On his way south he attempted to get a hearing for the Symphony in Leipzig and Munich but was unlucky in both cities. Early in 1832 he was in Paris, where it was at least tried out under the enterprising baton of François Habeneck. But the orchestra rejected it as “too learned” and it was not until Mendelssohn returned to Berlin that he was able to include the work in a series of concerts he gave in the fall of 1832. By this time he had made a number of revisions, mostly shortening the last movement. Berlin’s leading music critic objected to the idea of a symphony carrying some kind of external message, but whether or not this was enough to turn the composer against his own work, he later refused to have it performed, describing it as “juvenile.” He even said he thought it should be burnt.

Happily for us, the “Reformation” Symphony has survived, and it can give great satisfaction as a four-movement symphony with or without its references to the great events it was intended to celebrate. The two middle movements, after all, have no explicit connection with history but are simply a scherzo and trio followed by an expressive slow movement.

The first movement persuasively carries the notion of conflict, at first in the slow introduction where clarion figures seem to call out for reform over the aspiring counterpoint in the lower strings. Mendelssohn also cites the “Dresden Amen,” a simple rising scale heard twice very softly in widely spaced strings, which he may have regarded as a symbol of the Protestant church even though it was originally intended for the Catholic royal chapel in Dresden and later adopted by both churches. Then the main Allegro, in the minor mode, comes close to Beethovenian anger, dramatically interrupted at the end of the development when the music speeds up almost out of control, only to be stopped in its tracks by the strings quietly singing out the Dresden Amen and bringing order out of chaos.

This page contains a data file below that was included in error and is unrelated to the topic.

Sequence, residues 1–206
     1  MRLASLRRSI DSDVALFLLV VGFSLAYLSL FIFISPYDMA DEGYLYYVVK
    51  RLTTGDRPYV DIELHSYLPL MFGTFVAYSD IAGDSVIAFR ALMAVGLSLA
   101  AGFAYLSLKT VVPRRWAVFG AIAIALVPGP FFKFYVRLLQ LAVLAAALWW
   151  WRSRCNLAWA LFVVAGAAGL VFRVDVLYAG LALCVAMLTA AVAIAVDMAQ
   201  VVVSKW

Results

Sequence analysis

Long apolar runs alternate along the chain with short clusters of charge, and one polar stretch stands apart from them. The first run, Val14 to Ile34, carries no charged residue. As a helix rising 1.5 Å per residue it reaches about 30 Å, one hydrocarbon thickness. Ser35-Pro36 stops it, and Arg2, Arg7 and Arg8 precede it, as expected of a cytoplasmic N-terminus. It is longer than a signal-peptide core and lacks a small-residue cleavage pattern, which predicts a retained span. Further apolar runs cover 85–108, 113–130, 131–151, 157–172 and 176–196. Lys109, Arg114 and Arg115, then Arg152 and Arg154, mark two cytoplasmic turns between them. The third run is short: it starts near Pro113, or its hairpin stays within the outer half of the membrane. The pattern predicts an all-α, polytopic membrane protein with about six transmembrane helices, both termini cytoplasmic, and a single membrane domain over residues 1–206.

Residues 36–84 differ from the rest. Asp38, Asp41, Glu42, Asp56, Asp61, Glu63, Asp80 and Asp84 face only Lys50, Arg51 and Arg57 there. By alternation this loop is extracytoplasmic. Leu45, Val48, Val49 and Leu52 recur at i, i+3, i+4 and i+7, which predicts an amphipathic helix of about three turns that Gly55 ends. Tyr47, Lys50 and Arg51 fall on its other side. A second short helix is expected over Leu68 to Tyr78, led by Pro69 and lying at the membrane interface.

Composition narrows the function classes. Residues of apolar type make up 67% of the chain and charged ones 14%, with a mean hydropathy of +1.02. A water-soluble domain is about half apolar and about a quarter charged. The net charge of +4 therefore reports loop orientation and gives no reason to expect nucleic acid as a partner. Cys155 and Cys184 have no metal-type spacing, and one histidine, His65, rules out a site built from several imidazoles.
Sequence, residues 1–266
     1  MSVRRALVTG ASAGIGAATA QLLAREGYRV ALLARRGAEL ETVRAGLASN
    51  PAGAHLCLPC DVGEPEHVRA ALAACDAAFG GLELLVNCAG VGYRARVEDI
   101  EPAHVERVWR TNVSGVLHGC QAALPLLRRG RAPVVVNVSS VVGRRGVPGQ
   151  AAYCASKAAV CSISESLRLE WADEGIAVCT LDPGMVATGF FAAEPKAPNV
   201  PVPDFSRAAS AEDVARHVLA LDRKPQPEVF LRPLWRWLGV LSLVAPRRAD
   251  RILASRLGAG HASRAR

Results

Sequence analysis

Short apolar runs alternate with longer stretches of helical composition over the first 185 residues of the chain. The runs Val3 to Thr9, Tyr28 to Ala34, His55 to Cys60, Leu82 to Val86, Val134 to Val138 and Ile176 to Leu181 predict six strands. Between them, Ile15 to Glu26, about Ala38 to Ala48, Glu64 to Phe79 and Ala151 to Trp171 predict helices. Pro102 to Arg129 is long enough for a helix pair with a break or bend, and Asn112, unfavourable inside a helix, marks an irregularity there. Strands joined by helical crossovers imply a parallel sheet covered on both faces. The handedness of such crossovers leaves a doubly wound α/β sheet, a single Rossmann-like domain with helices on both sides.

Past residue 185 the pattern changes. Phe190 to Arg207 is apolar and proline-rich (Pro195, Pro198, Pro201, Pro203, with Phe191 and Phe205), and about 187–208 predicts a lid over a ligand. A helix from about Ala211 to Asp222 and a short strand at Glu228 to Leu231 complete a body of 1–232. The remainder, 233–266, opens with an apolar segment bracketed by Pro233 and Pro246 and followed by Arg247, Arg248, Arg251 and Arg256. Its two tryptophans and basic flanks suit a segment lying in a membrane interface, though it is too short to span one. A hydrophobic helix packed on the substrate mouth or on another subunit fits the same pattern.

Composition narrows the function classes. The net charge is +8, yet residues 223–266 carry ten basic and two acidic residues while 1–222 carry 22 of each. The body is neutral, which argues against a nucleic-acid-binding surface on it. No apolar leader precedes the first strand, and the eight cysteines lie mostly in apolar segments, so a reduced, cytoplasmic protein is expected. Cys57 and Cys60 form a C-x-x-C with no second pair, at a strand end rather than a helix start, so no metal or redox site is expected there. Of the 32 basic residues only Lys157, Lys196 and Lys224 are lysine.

The Scherzo second movement might well have struck its composer as juvenile since it evokes the world of Haydn, or perhaps early Beethoven, although its Trio is closer to Mendelssohn’s own style in its elegant melodiousness. The slow movement resembles a vocal aria, the voice line entrusted to the first violins, and like an aria it is compact and short.

At this point Mendelssohn originally composed a short linking movement in which a solo flute evokes Luther the musician (he is known to have played the flute) leading directly into the statement of the chorale “Ein feste Burg.” This plan was later dropped. The first strain of the chorale is heard on the flute alone, and the winds and lower strings gradually join in. What follows is a surprise, for the chorale is treated in jaunty fashion as if it were to be a set of variations. But the tune is never completed, and the full orchestra interrupts it with the start of the finale proper, a vigorously positive statement to support the triumph of the Reformation.

Fragments of the chorale are admitted into the texture and eventually the chorale appears in a strong statement from the winds. Its final strain provides a close from which all elements of doubt and conflict have been banished.